Today, I’m writing the first in a series of themed postings for my blog. I’m calling the series, “The Craft.” This series will continue intermittently, will be posted when I feel like it and will include musings on the craft of fiction writing. I hope you find them useful.
The first subject I want to take up is experience. After writing a novel and a short story and seeing them to completion (a total of 62,100 words), I like to think of myself of as an experienced writer. But the truth is I have a long, long way to go. At least, if an introduction to Chekhov’s short stories is any guide.
In the 588 pieces of fiction Chekhov wrote between 1880 and 1902, he ranged more widely than any Russian writer before him.
I’ve been a fan of Chekhov ever since I read his Lady with the Lap Dog in Russian inside a slim, green collected-works volume my landlord had in his Moscow flat. (I ended up ‘liberating’ the last volume with ‘Lady’ in it from the flat and I don’t think the landlord ever missed it.)
Despite the fact that his stories are often plot-less or plot-light (like life itself), I think they are rightly regarded as a pinnacle of realist fiction. Just pick up one of his stories and you’re sucked into his world, the world of 19th-century provincial Russia. It has the details of gesture, clothes, speech all correlated to the right person according to their age, gender, profession and class. It has a narrator that is so hidden he might as well not exist. It’s up to the reader to make all the judgments and interpretations. He uses metaphors, simile and flowery language minimally, but when he does, it strikes home, leaving a lasting image in your mind’s eye. Often, he uses weather to set or suggest a mood: a blizzard, a rain storm, or oppressive heat catching travellers on the road and throwing them together out of necessity.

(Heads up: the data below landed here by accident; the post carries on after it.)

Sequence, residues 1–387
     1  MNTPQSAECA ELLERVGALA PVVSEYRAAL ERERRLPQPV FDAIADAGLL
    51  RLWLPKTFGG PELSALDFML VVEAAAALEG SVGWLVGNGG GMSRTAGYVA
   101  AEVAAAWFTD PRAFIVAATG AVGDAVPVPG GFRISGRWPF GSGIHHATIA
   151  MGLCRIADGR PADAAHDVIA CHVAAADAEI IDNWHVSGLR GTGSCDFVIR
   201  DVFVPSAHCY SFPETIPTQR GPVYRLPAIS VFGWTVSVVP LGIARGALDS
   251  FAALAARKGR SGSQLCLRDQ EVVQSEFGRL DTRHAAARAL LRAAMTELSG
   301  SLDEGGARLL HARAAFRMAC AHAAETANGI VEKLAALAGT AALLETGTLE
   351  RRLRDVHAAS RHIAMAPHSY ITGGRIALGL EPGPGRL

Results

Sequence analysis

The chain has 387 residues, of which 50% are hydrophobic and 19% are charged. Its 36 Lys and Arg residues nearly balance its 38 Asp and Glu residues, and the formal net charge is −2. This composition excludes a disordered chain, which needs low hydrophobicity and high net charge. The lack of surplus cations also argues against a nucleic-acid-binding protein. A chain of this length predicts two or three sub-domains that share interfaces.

Most importantly, there’s that famous tone. That subtle light touch, imbuing everything, the characters, the animals, the landscape with a despondent, hopeless ennui. Some have called it elegiac. But there is a Russian word, that some say is untranslatable, that captures it perfectly: тоска.
But don’t think for a minute that all this came to him cheaply or easily, without a price. It reflects a lifetime of close observation, note taking and hard work. As a country doctor he wandered the provinces gathering characters, anecdotes and situations that would later populate his stories. And topped he it off with years of writing stories on deadline to a strict word count for obscure magazines as the introduction to the stories says:
The St. Petersburg journal ‘Fragments‘ [‘Осколки’] immediately became the most popular publication when it was founded in 1881. Like other such journals, it was full of cartoons, corny jokes, amusing little stories, and vignettes of contemporary life…This was the arena in which Chekhov learnt his craft as a writer.
It’s so easy to remember the great Chekhov stories: The Lady with the Lap Dog, Gooseberries, The Steppe, The Student (Chekhov’s personal favorite). But it’s those other 584 stories that made him great. The years he spent honing his craft writing for Fragments and other pulp humor magazines, before switching to light vignettes with a humorous touch, to his final mature, dramatic stories and plays that have entered the canons of Western and Russian literature.
That’s something I’m reminding myself as I slog through the process of writing short stories and getting them rejected by magazines (4 rejections so far for my best sci fi story yet). And as I’m writing novels for Kindle and Nook were the audience is numbered in the hundreds, not thousands. But I figure with my 2 pieces as compared to Chekhov’s 588, I still have a long, long way to go.
As ACDC said, “It’s a long way to the top, if you wanna rock and roll.” It’s an illusion to think writers (or musicians) have ever had it any differently.
[This is a ‘business’ postscript: Technorati Code is 4JDCSY3YUS5P. Now, Technorati can find and index this blog.]